'We cannot just build our way out of congestion'

ConnectSA presents future transportation and mobility options to City Council

By Garrett Brnger - Reporter

SAN ANTONIO - Better bus routes and dedicated lanes for multi-car buses were some of the options a nonprofit group laid out for the City Council on Wednesday.

Speaking on behalf of ConnectSA, one of the group's tri-chairs and a former mayor, Henry Cisneros, presented the council with a list of its findings and recommendations so far for transportation solutions and options on how to fund the work. Cisneros said the presentation was a framework and not a fully-baked plan.

"This is the start of what I think is going to be 100 meetings across the community," Cisneros told reporters before the meeting.

ConnectSA has been considering different transportation and mobility options for an increasingly crowded San Antonio after Mayor Ron Nirenberg and Bexar County Judge Nelson Wolff announced the group's creation in April 2018. It produced a report in December with 25 recommendations to implement before 2025.

Presenting to the council, Cisneros reiterated points from the December report with an emphasis on Advanced Rapid Transit - a sort of bus with multiple cars that would travel in dedicated lanes and can even control street lights.

"And so they bring a level of predictability that is not inherent in buses," Cisneros told the council. "It is much like what rail would be, but at one-third the cost."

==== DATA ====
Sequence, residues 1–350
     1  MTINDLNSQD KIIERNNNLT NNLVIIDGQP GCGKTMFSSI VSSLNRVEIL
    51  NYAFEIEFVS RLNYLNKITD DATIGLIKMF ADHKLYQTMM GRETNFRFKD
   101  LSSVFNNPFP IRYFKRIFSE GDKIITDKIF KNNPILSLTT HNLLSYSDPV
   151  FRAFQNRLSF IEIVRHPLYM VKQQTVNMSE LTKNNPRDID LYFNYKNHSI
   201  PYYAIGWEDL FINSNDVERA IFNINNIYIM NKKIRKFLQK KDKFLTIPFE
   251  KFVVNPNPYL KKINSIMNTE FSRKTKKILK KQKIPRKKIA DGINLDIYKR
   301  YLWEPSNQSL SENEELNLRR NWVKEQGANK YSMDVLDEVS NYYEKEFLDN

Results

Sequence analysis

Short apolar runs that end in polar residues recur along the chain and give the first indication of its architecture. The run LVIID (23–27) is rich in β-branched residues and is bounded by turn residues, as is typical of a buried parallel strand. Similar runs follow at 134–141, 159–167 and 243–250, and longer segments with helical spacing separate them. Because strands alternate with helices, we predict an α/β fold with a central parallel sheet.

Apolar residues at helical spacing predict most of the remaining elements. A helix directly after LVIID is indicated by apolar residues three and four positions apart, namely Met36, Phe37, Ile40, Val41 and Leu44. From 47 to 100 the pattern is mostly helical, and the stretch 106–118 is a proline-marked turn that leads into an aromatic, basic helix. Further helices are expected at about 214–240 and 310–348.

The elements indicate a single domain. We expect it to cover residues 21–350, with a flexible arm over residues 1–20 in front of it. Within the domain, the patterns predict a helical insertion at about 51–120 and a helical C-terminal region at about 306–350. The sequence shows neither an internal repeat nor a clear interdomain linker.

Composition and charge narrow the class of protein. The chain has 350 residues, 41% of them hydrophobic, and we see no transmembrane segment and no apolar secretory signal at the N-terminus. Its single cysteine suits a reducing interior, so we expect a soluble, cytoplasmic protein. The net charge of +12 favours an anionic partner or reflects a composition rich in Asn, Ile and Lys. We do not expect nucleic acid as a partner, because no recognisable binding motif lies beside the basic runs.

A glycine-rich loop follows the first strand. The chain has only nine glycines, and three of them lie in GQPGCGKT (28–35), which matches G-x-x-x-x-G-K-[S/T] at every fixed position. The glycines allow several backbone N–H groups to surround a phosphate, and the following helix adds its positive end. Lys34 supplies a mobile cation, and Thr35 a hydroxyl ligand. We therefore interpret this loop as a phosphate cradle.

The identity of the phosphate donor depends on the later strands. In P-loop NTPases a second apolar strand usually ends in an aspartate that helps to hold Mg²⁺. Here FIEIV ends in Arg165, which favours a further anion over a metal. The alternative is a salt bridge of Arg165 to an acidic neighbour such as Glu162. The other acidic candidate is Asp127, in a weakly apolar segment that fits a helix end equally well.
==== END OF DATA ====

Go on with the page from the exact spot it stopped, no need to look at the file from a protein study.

The transportation discussion is taking place amid a backdrop of a rapidly growing city. Citing a long-range VIA plan, ConnectSA says drivers could spend an extra week's worth of time sitting in traffic by 2040.

But the options to get around the coming congestion problem don't come cheap. The recommendations ConnectSA put forward just for 2019 through 2025 would cost an estimated $1.3 billion.

Cisneros listed out 10 options for funding the upgrades, including redirecting current revenue streams or creating a transportation user fee like other cities. Not all 10 would be needed, he said.

"Five of them in various combinations (would) get the money that is required for this plan," Cisneros said.

For now, they're just ideas. The next step is to take them to different groups and residents during the numerous presentations and meetings Cisneros thinks will happen.

"And the whole point is present, listen and integrate ideas to make the plan better," he said. "So that sometime toward the end of this year, we'll have a completed plan with all of that public input. And then in 2020, I suspect we'll have to have an election on some of the pieces of the plan."

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